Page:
Analysts in Moscow also think it is no coincidence that now, at a time when relations between Washington and Moscow are increasingly strained, Obama has launched a new attempt, by himself, to get the Palestinian-Israeli negotiation process moving again. Does this mean that Obama has given up for good on this important aspect of partnership with Russia as well? In other words, does it mean that the short-sighted policy of comprehensively isolating Russia will also apply to the Israeli-Palestinian peace process? Or is the US president, foreseeing that the conflicting sides will probably be unable to agree on anything by the end of April, merely trying to save face through this unilateral initiative?
To what extent could the efforts to resolve the Syrian and Middle Eastern crises fall victim to the "new" policy of the West, and primarily of the United States toward Russia, whose leaders have reiterated their willingness to continue working with the West in all areas?
Whatever happens, in the Middle East and on all other matters of world politics, the West will have to deal with a more consolidated and self-confident Russia and a new Russian President Vladimir V. Putin, who is now seen by the vast majority of the public in his country as a triumphant victor. It must be noted that the West's severe pressure and threats toward Moscow over Russia's policy regarding Crimea have led to a rapid increase in patriotic feelings and a sharp rise in Putin's popularity within the country.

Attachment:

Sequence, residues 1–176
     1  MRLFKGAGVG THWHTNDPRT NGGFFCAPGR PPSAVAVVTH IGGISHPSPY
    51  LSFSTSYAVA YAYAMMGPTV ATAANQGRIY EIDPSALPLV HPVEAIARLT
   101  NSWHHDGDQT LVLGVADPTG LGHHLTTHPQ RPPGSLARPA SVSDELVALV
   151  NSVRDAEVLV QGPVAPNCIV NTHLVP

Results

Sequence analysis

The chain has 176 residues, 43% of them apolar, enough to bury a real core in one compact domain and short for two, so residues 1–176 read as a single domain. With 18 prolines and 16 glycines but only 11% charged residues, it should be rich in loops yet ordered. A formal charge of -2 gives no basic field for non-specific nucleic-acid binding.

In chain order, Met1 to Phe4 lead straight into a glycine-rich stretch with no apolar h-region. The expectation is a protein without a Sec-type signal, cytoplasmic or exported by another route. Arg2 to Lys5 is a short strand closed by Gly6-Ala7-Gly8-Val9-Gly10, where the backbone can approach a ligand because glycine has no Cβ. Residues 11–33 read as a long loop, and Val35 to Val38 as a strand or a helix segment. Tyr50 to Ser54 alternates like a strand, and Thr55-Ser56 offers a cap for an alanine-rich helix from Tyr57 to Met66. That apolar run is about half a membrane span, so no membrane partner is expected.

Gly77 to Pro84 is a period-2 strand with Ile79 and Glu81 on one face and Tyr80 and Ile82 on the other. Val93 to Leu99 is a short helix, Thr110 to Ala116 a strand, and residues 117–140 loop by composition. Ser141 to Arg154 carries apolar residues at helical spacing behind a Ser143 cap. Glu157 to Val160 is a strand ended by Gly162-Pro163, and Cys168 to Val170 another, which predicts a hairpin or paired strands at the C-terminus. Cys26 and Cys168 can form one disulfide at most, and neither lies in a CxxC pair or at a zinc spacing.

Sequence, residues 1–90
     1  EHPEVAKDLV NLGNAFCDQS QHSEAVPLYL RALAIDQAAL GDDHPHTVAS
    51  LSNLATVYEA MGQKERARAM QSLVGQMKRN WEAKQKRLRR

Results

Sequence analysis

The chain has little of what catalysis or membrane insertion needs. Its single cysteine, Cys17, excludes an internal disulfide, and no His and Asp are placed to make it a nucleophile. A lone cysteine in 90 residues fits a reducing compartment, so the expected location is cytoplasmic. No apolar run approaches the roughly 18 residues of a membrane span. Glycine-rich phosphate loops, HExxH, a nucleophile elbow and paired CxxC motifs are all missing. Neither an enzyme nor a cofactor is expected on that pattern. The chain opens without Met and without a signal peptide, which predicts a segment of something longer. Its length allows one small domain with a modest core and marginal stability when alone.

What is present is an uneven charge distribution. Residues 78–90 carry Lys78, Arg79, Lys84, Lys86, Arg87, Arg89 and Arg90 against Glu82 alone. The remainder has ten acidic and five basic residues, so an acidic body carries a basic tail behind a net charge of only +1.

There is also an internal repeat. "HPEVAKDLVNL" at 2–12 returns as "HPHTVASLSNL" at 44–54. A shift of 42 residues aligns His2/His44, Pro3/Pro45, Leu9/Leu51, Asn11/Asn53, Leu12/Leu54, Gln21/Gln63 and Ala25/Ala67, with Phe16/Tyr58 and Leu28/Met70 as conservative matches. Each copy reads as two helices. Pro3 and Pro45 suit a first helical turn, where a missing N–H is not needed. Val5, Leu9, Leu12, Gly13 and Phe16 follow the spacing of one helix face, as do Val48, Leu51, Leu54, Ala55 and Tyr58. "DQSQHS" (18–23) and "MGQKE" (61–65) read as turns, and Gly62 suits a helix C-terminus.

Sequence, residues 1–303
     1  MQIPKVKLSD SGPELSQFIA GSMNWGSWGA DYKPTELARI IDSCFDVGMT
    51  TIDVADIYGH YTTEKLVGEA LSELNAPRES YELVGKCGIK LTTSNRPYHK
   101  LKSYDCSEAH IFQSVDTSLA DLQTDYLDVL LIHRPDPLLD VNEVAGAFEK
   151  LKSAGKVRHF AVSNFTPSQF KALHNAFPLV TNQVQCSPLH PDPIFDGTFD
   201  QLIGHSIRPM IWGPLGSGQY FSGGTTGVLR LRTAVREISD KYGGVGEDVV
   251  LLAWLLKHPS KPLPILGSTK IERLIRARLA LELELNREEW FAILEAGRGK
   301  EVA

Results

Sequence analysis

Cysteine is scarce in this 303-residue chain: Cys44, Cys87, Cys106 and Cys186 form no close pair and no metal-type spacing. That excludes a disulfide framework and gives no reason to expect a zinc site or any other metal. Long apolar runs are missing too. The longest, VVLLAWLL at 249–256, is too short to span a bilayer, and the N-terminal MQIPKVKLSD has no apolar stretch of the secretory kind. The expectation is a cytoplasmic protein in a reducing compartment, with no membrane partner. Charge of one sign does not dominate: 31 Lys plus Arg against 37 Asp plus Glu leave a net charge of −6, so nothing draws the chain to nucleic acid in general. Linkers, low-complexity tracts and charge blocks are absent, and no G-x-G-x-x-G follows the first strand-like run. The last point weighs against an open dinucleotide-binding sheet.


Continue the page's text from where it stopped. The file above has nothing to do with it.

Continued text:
Will this new reality affect — and if so, how — the course of events in the Middle East, where Russia nevertheless remains an influential player, and how will it affect Moscow's policy in the Middle East and Russia's cooperation with the West on regional problems? Certainly, whether or not Russia and the United States continue to cooperate on Afghanistan and in the war on international terrorism, at a time when the West is using sanctions to increase pressure on Russia, will have a powerful effect on the entire Middle East region.